Anbumani, who is leader of PMK young wing, expressed regret for acts of his partymen like clambering on the Mamallapuram shore temple and hoisting the party flags on the night of 25 April. But by charging the Jayalalithaa government with embarking on a ‘political vendetta’ against his party, Anbumani has now made it an AIADMK versus PMK issue.

PMK, a state-level party, and a junior partner in the DMK-Congress led alliance, could share power at the Centre post-2004 for some time.  Once the mercurial Ramadoss turned a critic of policies of the Karunanidhi government (2006-2011) in the state, the DMK leader lost no time to get PMK ministers at the Centre eased out. Now, Karunanidhi is trying to ingratiate himself with all Dravidian outfits for the next battle against Jayalalithaa’s AIADMK in 2014.

For the Jayalalithaa government, the current wave of violence has certainly thrown a major problem of maintenance of law and order and ensuring security in public transport against Vanniar vandalism. Ramadoss  now in a Tiruchy jail with more than one case foisted against him was due to appear before a judicial magistrate by 16 May while his supporters called for more state-wide protests till then. Meanwhile, a Madurai-based Human Rights Group, holding PMK responsible for the attack on Dalit huts, has sought a Madras High Court direction to the Election Commission to de-recognise PMK. Jayalalithaa would appear to be more empathetic towards Dalits, not an insignificant segment of Tamil Nadu population.

Political analysts have already begun to see in the battle of wits waged between the two Dravidian majors, AIADMK looking better placed for the forthcoming battle, especially if the government could meanwhile alleviate the power shortage, over sand above her welfare schemes for the poor including cheap rice.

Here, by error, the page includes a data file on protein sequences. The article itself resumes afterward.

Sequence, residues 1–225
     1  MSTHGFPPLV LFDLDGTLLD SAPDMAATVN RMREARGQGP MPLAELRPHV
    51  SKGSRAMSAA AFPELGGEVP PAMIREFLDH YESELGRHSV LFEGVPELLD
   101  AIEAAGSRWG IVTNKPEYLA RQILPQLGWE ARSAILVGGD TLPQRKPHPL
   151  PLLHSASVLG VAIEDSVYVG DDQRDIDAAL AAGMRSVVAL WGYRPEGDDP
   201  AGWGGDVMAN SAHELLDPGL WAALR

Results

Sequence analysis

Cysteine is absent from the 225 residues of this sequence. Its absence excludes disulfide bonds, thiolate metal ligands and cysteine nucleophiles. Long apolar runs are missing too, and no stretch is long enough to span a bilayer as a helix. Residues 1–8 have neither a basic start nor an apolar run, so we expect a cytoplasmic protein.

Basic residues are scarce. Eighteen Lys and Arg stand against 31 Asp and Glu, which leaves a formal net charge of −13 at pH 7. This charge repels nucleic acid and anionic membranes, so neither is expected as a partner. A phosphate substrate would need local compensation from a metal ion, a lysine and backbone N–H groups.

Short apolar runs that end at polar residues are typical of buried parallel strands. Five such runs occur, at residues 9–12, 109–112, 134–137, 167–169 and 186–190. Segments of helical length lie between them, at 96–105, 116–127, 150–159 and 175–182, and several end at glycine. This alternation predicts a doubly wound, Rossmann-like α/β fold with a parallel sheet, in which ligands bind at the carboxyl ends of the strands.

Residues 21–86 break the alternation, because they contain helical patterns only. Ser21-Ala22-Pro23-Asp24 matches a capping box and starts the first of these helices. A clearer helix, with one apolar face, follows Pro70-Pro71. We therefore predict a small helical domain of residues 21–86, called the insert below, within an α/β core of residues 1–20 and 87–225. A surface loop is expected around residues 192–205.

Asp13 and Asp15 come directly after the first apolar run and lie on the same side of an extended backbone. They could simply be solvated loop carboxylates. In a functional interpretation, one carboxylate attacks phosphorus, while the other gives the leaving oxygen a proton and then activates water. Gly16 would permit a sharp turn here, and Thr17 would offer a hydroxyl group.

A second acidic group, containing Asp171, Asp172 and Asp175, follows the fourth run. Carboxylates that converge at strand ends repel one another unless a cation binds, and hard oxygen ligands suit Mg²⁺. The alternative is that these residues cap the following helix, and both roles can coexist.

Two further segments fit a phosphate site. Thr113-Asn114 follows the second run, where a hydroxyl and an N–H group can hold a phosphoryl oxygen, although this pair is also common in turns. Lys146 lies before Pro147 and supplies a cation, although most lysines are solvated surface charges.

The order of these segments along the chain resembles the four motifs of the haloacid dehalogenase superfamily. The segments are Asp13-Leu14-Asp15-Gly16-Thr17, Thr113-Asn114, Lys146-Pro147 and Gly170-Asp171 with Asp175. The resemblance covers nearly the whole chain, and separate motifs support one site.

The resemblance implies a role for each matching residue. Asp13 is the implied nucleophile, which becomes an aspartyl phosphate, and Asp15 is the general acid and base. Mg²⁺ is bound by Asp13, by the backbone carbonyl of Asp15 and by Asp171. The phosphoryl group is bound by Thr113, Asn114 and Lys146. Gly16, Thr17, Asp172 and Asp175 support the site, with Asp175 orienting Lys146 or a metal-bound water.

DMDK and the Left would await developments as they evolve and then firm up their positions. DMDK had in the past preferred to go with the Congress, without DMK while the Left could align with AIADMK-led alliance if Jayalalithaa keeps herself away from BJP. The recent stand-off between ruling AIADMK and DMDK, some of whose MLAs were suspended for ‘disorderly proceedings’ has cooled off a little. But Karunanidhi looks for a possible ally in DMDK, besides embracing PMK though these parties would want to be sure that DMK is cleared in 2G scandal and the party would give up family rule.

Jayalalithaa’s two-years so far in power has seen a string of successes at the civic and local body elections, in some of her strident moves vis-a-vis the Centre, as well as in her efforts at the apex court like securing notification of the Cauvery Tribunal’s Final Award on which the Centre had sat for years.

She also has had her way in resistance to FDI in multi-brand retail trade and in safeguarding the state’s autonomy in some critical areas.  Overall, her regime is associated with effective governance with no taint of corruption thus far. However, there are still some glitches, apart from easing the power situation, like tiding over the brewing water scarcity in the Chennai metropolitan region this summer. IPA